Eight months after Latter-day Saint leaders suspended operations at the Kyiv Ukraine Temple because Russian troops were massing on Ukraine’s borders, the temple partially re-opened last week.
“Earlier this year, the Kyiv temple was temporarily closed,” church spokeswoman Irene Caso said. “The Church of Jesus Christ of Latter-day Saints has carefully evaluated the current circumstances and decided to resume — on a limited basis — the sacred religious ceremonies in the temple. Church members are able to make appointments to participate in temple ceremonies, which began October 14, 2022.”
The church did not provide additional details about the limited nature of the reopening.
Latter-day Saints perform ordinances in temples to make sacred covenants themselves and to do so on behalf of deceased ancestors. Those ordinances include marriages and sealings that have the potential to bind families together forever.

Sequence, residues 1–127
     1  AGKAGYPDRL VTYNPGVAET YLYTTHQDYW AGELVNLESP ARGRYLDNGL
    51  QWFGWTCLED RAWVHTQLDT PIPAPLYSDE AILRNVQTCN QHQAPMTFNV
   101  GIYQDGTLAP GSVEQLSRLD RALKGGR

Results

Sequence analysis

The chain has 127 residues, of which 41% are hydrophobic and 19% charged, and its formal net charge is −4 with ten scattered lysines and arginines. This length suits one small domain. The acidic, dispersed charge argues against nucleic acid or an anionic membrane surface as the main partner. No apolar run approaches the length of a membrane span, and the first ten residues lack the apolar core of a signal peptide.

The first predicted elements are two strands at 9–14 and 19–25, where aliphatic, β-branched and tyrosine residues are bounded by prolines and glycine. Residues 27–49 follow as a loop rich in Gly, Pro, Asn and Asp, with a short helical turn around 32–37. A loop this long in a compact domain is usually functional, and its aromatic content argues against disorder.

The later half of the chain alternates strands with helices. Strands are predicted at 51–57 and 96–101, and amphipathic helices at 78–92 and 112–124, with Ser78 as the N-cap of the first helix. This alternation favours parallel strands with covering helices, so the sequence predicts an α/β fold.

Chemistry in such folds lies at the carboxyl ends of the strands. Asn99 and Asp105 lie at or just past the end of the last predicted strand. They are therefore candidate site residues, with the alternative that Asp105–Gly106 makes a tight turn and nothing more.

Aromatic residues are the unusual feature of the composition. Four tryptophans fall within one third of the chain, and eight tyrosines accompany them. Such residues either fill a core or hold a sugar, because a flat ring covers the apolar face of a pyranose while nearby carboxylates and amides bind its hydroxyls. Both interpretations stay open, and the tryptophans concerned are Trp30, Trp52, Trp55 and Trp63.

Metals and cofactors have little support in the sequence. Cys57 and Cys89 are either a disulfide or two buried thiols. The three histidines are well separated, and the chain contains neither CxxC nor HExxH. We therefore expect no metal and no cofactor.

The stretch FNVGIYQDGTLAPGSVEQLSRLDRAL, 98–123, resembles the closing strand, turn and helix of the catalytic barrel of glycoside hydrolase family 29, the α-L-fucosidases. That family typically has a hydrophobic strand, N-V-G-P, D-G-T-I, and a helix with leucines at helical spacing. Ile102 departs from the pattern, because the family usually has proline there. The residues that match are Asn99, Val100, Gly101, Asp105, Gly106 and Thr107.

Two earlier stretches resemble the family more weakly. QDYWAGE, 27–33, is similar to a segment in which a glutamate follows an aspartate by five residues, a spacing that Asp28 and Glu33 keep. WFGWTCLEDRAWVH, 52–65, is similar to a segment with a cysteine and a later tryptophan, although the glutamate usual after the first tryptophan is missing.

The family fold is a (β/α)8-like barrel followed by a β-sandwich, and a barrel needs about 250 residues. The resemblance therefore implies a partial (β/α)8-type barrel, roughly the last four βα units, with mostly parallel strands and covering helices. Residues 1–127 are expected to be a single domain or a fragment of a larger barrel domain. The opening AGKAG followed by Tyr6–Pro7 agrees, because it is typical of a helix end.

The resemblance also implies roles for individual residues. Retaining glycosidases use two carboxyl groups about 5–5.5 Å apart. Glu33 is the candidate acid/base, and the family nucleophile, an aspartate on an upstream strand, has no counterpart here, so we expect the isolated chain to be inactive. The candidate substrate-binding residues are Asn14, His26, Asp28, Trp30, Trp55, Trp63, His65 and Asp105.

Church leaders closed the temple in February as a precaution before Russian troops invaded Ukraine, a church spokesman said at the time. Weeks earlier, the church removed its non-Ukrainian missionaries. Some returned home. Others were reassigned throughout Europe and North America.
The Kyiv temple, which sits on the western side of the city, has been important in the region because it is the only Latter-day Saint temple between Germany and the Pacific Rim. For now, temple attendance likely will be limited to Ukrainians due to travel issues related to the ongoing conflict.
On Monday morning, Russia launched 28 kamikaze attack drones on central Kyiv. Five evaded Ukraine’s air defenses and struck sites in the city, killing at least four people, The Wall Street Journal reported. The attack appeared to target the city’s power grid, The Washington Post reported.
More kamikaze drones fell elsewhere in the country, with the total death toll in the attacks rising to eight, the Deseret News reported.
Ukrainian President Volodymyr Zelenskyy has asked Ukrainians to limit their electricity consumption during peak hours, the Journal reported.
The church’s First Presidency released a statement after the conflict began last February, noting that the church has members in both Russia and Ukraine, and calling for a peaceful outcome.
“We pray that this armed conflict will end quickly, that the controversies will end peacefully, and that peace will prevail among nations and within our own hearts,” the First Presidency statement said. “We plead with world leaders to seek for such resolutions and peace.”